Forced use of biofuels could hit food production, EU warned

Plans to make European motorists use more biofuels could take an area the size of Ireland out of food production by 2020 and accelerate climate change, a study has found.

The report by the independent Institute for European Environmental Policy (IEEP) is based on plans that countries have submitted to the EU detailing how they intend to meet their legal requirement to include 10% of renewable energy in all transport fuels by 2020.

IEEP calculations suggest that the indirect effect of the switch will be to take between 4.1m and 6.9m hectares out of food production. In addition, say the authors, opening up land to compensate for the food taken out of production will lead to between 27m and 56m tonnes of additional CO² emissions, the equivalent of putting nearly 26m more cars on the road.

The study says European countries have chosen to meet the EU renewable energy targets by importing so-called first generation biofuels from African countries or from Indonesia and Brazil, rather than by promoting the use of advanced biofuels, electric vehicles or energy efficiency to reduce the environmental impact of transport.

“The renewable energy directive was adopted to help combat climate change, however, through promoting the use of conventional biofuels with no consideration of indirect land use change impacts it has the potential to actually increase the EU’s greenhouse gas emissions.

“It is vital that this situation is rectified and these impacts are urgently addressed within EU law,” said David Baldock, director of IEEP.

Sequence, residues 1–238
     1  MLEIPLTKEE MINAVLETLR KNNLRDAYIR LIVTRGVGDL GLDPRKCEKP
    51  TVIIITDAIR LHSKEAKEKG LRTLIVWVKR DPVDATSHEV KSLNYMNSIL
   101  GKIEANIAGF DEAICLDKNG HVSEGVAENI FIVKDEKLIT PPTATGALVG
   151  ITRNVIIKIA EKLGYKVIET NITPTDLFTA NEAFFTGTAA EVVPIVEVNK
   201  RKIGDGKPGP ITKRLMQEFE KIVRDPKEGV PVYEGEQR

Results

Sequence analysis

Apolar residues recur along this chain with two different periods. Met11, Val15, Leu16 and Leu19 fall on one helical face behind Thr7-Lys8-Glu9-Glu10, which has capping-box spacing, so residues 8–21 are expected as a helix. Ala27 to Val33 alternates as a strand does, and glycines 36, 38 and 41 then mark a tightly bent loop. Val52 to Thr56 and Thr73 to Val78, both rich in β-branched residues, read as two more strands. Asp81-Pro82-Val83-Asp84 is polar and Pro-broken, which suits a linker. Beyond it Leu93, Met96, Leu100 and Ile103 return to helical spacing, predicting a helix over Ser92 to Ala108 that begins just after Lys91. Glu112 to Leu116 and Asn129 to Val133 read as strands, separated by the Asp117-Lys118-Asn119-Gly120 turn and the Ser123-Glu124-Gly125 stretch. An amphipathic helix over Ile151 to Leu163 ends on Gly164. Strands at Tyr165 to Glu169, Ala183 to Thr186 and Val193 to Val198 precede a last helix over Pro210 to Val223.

Development groups which commissioned the report said the effect of the EU legislation would be felt around the world and urged the EU to drop the 10% biofuels goal.


“Making space for biofuel production will force other farming activity in producer countries deeper into forests,” said a spokesman for ActionAid. “This displacement of farming activity will cause loss of wildlife habitats, and carbon dioxide emissions – as well as increasing food prices, hitting some of the world’s poorest people hardest.”

Friends of the Earth’s biofuels campaigner, Kenneth Richter, said: “Using more biodiesel in our cars won’t help to green transport – this research shows that when the full impact of their production is taken into account, biofuels cause more emissions than the fossil fuels they replace.”

“Trees will be cleared, wetlands will be under threat and a range of species will be pushed to the brink if these proposals go ahead,” said RSPB director of international operations Tim Stowe.

Europe’s move to biofuels compares with a 7.6% target by 2022 in the US. Last week the US agriculture secretary, Tom Vilsack, said a further $500m (£310m) would be made available in subsidies to grow biofuel crops over the next 15 years . Most of the money would go to extracting fuel from non-food plants.

ActionAid claimed this year that European biofuel targets could result in up to 100 million more hungry people, increased food prices and landlessness.

The United Nations has singled out biofuel demand as a major factor in what it estimates will be as much as a 40% increase in food prices over the coming decade.